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Adam Fondren, Deseret News
Utah senior Carly Trueman spikes the ball as Utah takes on BYU at the Hunstman Center in Salt Lake City on Thursday, Sept. 14, 2017.
It’s the number one thing I enjoy about this job is watching players grow, for sure as volleyball players. —Beth Launiere

SALT LAKE CITY — Outside of impressive volleyball skills, it is hard to see the similarities between Adora Anae, Carly Trueman and Tawnee Luafalemana.

Luafalemana is effusive, talkative, open and energetic. Anae is warm, engaging, introspective and generous. Trueman is uncomfortable in the spotlight, self-effacing, honest and maybe a bit too hard on herself.

The three seniors on the No. 11 seeded Utah volleyball team have led the program to new heights and broken individual records, while creating a team chemistry that has sustained the team through some rough patches, including a three-game losing streak at a critical point in the season.

Whatever the differences in their individual personalities, they share a relentless work ethic, a commitment to team first, and a competitive nature that has helped the Utes to their best performance in the Pac-12 with a 13-7, 22-9 record. Their effort earned them fourth-place in what is arguably the country’s most competitive volleyball conference (nine Pac-12 teams were invited to the NCAA tournament) and a number of individual conference honors.

On Thursday night, they will lead their teammates in hosting the NCAA Tournament at the Huntsman Center — a goal they boldly declared after losing in the first round of last year’s tournament.

“Our players put it on their goals early on,” said head coach Beth Launiere of hosting Thursday’s first-round games at 4:30 and 7 p.m. “That was important to them to be able to play in front of our home crowd, and they didn’t mince words about that. Early on, we didn’t talk about it a ton, but everybody knew in the back of their minds, this was a big goal for us.”

A critical component in the team’s ability to achieve that goal was the example and leadership of those three seniors.

“Our seniors have been providing us tremendous leadership,” Launiere said.

Among the accomplishments of Utah’s seniors are that all three, along with junior Berkeley Oblad, earned All-Pac-12 honors. Anae earned first-team recognition, while the others were honorable mentions.

This season Anae became Utah’s all-time kill leader with 1,857 kills. She moved up to No. 5 in career digs with 1,284. She is just the fifth Utah player in the program’s history to earn more than 1,000 kills and 1,000 digs.

Trueman became the 18th player at Utah to surpass 1,000 kills in a career. She did so in the team’s five-set win over UCLA.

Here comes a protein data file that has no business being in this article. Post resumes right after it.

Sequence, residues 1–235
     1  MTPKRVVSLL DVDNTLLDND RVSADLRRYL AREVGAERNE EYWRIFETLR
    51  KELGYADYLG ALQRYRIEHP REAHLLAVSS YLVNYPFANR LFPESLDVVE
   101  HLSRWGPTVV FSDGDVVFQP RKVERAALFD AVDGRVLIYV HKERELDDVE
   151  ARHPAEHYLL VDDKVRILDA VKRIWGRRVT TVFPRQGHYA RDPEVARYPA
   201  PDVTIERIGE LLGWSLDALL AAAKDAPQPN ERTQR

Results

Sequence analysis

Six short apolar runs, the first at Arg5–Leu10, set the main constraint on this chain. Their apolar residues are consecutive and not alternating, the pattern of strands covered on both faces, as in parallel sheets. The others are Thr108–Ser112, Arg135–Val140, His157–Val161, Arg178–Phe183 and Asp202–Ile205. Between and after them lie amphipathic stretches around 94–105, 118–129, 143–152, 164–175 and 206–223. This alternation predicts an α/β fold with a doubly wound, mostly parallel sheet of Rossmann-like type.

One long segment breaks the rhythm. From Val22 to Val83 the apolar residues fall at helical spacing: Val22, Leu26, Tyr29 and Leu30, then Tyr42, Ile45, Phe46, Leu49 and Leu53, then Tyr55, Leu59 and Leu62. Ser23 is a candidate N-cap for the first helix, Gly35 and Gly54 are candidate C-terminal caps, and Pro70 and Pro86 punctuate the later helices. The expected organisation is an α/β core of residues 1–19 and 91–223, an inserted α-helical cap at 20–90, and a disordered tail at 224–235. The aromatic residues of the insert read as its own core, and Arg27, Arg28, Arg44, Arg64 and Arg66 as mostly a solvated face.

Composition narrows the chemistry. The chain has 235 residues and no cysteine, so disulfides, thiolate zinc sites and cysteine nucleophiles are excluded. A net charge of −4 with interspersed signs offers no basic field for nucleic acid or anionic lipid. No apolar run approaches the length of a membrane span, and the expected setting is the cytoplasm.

Launiere said seeing the evolution of her players over the course of their careers is her favorite aspect of coaching.

“It’s the number one thing I enjoy about this job is watching players … grow, for sure as volleyball players,” she said. “It’s amazing to see how much bigger, stronger and faster, how much more skilled, their volleyball IQ, all of those things that helps them become better volleyball players, but, more importantly, watching them grow from little freshmen signing their letter of intent, or junior college transfers, and watch them become strong, confident women.”

Whether it is learning to play through adversity, inspiring one’s teammates or earning a college degree, Launiere said, the seniors have to find faith in themselves to succeed on all of those levels.

“They’re going to finish with a degree,” she said. “They’ve played for one of the top teams in the country. To do that, you need to be strong, you need to be mentally strong. … I’m very proud of them.”

Each senior, she said, adds something different and has taken a unique path to leadership in the program.

“Besides her physical talent, and she has a tremendous amount, Adora is a great competitor,” Launiere said. “I always tell the players that they’re powerful beyond measure, and that’s Adora. … She doesn’t like to lose, and she’s a person who will do whatever it takes to win.”

Anae’s humility sets her apart from many elite players, as well as her willingness to sacrifice for her teammates.

“She knows this is about the team,” Launiere said. “As good as she is, we need her to lead this team.”

From the moment Launiere met Luafalemana she knew she wanted to coach her.

“After the first time I met Tawnee, I knew I absolutely wanted her on my team,” Launiere said. “She is, and I don’t know how else to define, she is a winner. She has the most positive outlook on life. I know her family is great competitors, and you know, very loyal, positive people. … She is everything I thought that she could be.”

Trueman didn’t play the position she wanted for the first year and a half she was at Utah. Midway through her sophomore season, she moved to outside hitter, and that proved to a great change for both her and the team.

“We were so excited when she got her 1,000th kill,” Launiere said. “She’s only the 18th player in the history of our program to do that. It’s quite an accomplishment. …Carly is quiet, but she’s also a very determined athlete. She’s a very intelligent kid who really gets what is going on. When Carly speaks, people listen because they know she’s put a lot of thought into it.”

For both coaches and players, it is a great joy that the seniors will get at least one more game in the Huntsman Center in front of the fans who’ve supported them through the ups and downs of their careers.

“It’s a huge factor, where we play,” Anae said. “So we’re excited.”